The top US official charged with the campaign to defeat ISIS warned Wednesday that it would be a long-term campaign that could require a generation to stamp out the ideology that has encouraged thousands of Muslims worldwide to flock to Iraq and Syria.
Gen. John Allen, US presidential envoy for the international coalition battling ISIS, added that the emergence of affiliates of the jihadi group in recent months represented an expanding challenge, even though the focus of the campaign has been on Iraq and Syria.
“This will be a long-term campaign. Aspects of it, like defeating Daesh’s ideology will likely take a generation or more,” Allen said, using the Arabic acronym for ISIS. “In an age when we are more connected than at any other time in human history, Daesh is a global threat. And if we do not defeat this threat through strength and unity, our collective future will [see] more groups like Daesh.”
He added: “They will use the tools of modernity like the ease of world travel, our global financial networks and the Internet, to wreak havoc upon the progress of humanity which has been achieved at such a high cost by all of us over centuries.”
Allen was speaking at the annual US-Islamic World Forum in Doha organized by the Brookings Institution and the Qatari Foreign Ministry.
The threat posed by ISIS was a dominant feature of the three-day event. Last month, ISIS took over Ramadi in western Iraq and Palmyra in central Syria, leaving the organization potentially poised for advances toward the capitals of both countries.
In recent days, the group has made a push in the Aleppo area of northern Syria, threatening to undermine recent gains by Syrian rebel factions in neighboring Idlib province. Urgent requests by rebel factions to the anti-ISIS coalition for airstrikes against the advancing militants reportedly went unanswered, highlighting a key complaint that the international campaign is concentrating its efforts on Iraq rather than Syria.
“It would be a significant challenge to the legitimacy of the [Syrian] opposition in the north if ISIS makes gains north of Aleppo and perhaps takes a border crossing,” said Charles Lister, a Syria expert at the Brookings Doha Center. “If ISIS does push into those areas, you will see a real lack of trust in the international coalition.”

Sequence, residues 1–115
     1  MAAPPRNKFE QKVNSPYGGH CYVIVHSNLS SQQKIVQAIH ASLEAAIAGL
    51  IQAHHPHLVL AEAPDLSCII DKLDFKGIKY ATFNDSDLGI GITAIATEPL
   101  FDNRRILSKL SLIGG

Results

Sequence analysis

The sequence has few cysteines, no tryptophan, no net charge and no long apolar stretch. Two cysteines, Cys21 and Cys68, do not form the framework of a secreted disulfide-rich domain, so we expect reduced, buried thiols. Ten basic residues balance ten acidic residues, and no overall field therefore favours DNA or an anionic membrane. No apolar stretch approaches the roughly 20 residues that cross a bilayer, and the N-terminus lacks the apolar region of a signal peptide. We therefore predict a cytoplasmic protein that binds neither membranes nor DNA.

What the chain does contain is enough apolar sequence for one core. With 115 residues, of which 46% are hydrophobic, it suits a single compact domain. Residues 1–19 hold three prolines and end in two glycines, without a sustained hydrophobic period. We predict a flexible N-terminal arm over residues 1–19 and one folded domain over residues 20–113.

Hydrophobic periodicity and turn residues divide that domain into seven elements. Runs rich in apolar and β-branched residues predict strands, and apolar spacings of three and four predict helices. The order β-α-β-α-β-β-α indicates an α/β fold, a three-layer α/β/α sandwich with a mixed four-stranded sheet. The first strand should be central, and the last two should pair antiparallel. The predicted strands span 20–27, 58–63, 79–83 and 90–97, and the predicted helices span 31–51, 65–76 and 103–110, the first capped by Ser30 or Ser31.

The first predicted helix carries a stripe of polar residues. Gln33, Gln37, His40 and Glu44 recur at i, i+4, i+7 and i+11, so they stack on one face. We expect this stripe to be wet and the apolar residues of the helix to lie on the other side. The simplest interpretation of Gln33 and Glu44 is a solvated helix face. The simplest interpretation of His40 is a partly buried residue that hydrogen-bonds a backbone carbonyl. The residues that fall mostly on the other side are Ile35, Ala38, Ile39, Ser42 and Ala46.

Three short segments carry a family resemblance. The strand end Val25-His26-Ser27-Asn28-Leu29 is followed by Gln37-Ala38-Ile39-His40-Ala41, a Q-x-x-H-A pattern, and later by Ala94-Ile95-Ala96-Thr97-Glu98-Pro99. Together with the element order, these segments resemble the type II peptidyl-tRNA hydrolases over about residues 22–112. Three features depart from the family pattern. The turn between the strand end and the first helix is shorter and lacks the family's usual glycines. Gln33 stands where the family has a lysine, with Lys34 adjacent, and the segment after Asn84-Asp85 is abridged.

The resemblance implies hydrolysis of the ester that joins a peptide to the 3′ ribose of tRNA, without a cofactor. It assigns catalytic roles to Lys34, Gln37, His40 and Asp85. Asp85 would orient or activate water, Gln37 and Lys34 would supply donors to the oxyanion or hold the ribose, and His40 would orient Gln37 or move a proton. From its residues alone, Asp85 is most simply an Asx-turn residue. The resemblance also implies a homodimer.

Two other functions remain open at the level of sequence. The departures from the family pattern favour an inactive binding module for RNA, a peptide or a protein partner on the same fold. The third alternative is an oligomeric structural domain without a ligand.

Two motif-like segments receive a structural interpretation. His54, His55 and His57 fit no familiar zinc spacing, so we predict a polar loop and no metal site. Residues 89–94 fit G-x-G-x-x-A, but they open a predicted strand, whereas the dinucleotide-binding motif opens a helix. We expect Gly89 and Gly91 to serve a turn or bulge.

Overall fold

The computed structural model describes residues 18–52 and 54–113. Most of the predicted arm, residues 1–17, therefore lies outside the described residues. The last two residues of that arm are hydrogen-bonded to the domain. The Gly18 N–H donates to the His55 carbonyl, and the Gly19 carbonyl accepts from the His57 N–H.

Washington has been reluctant to support the military effort to topple the regime of President Bashar Assad, although it has said the Syrian leader has lost all legitimacy to rule.
In the past four years of war, hard-line Islamist groups, some with links to Al-Qaeda, have emerged as the most potent of the anti-Assad forces, underlining Washington’s hesitation. However, the anti-ISIS coalition has been providing a disproportionate level of air support for Kurdish groups battling ISIS in northeast Syria, which has seen them gain up to 900 square kilometers of territory, according to Salman Sheikh, director of Brookings Doha.
“The coalition support for the Kurds is raising the suspicions of Arab tribes in the area,” he said. “This could lead to conflicts.”
Asked to justify the disparity between the Iraq and Syria theaters, Allen gave what he admitted was an answer “with a lot of nuance.”
He said that the US was helping support the much-touted train-and-equip program in which vetted rebel groups would be trained in Turkey and sent into Syria to fight ISIS. Territorial gains made by these US-backed fighters could be exploited by the Syrian opposition to create space for a political process leading to Assad’s ouster, he said.
But it was a tough sell to much of the audience. “You have to look at the group as a whole,” said Aimen Dean, a Saudi-born former senior figure in Al-Qaeda who switched sides and worked for British intelligence for eight years. “They are not just in Syria and Iraq but also in Libya. The idea that you can hope for the best in Libya, [adopt] halfhearted measures in Syria and go hard on them in Iraq just won’t work.”
Allen touched on the rise of ISIS affiliates in the region and the potential for more to emerge around the world. “When we see groups and individuals seeking to align themselves with Daesh in several parts of the world we see clearly that these challenges are not linked to one region,” he said. “Indeed, the growth in the number of Daesh affiliate groups is a challenge that the counter-[ISIS] coalition is beginning to confront.”
But he added that the focus of the anti-ISIS campaign would remain on Iraq and Syria. “Squeezing and defeating Daesh there strikes a blow in the distant provinces as well.”
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